Australian Community Media and Seven West Media both contribute more than $1 million per year, while other businesses including Guardian Australia and Daily Mail Australia pay much less.
Mr Tonagh said the consortium wanted to preserve media diversity and protect journalism jobs.
“Although a number of the consortium members are philanthropists our common goal is to evolve and create an entity that will be self-sustainable as that is critical to ensuring the long term protection of the jobs, journalism and media diversity that is so important to all of us,” Mr Tonagh told The Sydney Morning Herald and The Age.
“Great journalism has clear value but while media is in this transition phase it has proven hard to realise that value. We believe that a reconfigured AAP, owned by an independent entity, can be sustainable in the longer term. It will require changes to commercial models just as News and Nine are adapting their own models.”
The AAP board, which entered due diligence with multiple parties that had expressed an interest in the business three weeks ago, will make a decision on whether any deal is viable before June.
The newswire announced plans for closure after 85 years in March. It puts its closure and redundancy process on hold after receiving a number of approaches from parties that were interested in acquiring the operation.
A former executive of Social Ventures Australia is involved in the consortium led by Mr Tonagh, but Social Ventures Australia also separately looked at the business and has since left discussions. Private banker Charbel Nader, also formerly boss of Antony Catalano’s Metro Media, was another bidder vying to save AAP, but has since ended discussions.
Talent manager Glenn Wheatley also emerged as a potential suitor in March.
Sources stressed no deal had been agreed to by the AAP board. The board, which has been working on the potential offers, has had difficulty agreeing to any deal. No bidder wants to buy the entire AAP newswire operation, which was not the initial intention of the board fielding inquiries and there are concerns that offers on the table will not provide a long-term viable solution for all staff. It is unclear whether any bid will succeed.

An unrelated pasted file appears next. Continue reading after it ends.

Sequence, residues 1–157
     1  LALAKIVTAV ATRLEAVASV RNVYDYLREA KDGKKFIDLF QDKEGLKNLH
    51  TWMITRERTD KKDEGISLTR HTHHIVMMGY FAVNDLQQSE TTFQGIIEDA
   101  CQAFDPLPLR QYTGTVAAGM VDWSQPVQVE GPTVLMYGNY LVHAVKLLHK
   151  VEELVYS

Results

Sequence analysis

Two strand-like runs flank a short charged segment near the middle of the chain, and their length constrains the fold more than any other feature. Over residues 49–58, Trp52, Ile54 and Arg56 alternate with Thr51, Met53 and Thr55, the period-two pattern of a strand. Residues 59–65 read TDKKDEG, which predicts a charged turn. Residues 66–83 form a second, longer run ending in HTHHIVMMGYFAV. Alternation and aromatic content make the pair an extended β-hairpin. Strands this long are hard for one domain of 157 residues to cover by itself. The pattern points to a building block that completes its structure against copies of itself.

AAP chairman Campbell Reid said the offer was being considered. “We are treating the conversations as confidential but our primary concern remains for the AAP staff,” he said.
About 600 employees and AAP subscribers are waiting on a final decision.
Subscribers including the ABC, Daily Mail, Private Media, Guardian Australia, Australian Community Media and Verizon Media have previously discussed pooling resources and forming journalism partnerships but they are now waiting on the outcome of the process. News Corp is meanwhile planning to launch its own newswire service, which will provide content for mastheads including The Australian, The Daily Telegraph and The Herald Sun and external customers, next month.
AAP boss Bruce Davidson has previously confirmed plans to establish a private business with the company’s fact-checking division and parts of its editorial services arm Pagemasters.
Mr Davidson told staff AAP had been working with the consortium on the basis that the process was confidential. “Everyone should be aware that no transaction has yet occurred and that discussions and negotiations are continuing,” he said.
Zoe Samios is a media and telecommunications reporter at The Sydney Morning Herald and The Age.